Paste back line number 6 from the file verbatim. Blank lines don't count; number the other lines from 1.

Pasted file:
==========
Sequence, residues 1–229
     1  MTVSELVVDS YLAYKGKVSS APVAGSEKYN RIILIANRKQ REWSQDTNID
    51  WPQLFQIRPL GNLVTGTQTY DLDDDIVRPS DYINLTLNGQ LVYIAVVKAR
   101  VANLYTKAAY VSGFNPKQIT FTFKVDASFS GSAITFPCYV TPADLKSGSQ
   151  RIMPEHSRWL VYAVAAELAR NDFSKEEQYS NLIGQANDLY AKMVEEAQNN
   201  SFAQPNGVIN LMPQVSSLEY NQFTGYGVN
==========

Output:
   201  SFAQPNGVIN LMPQVSSLEY NQFTGYGVN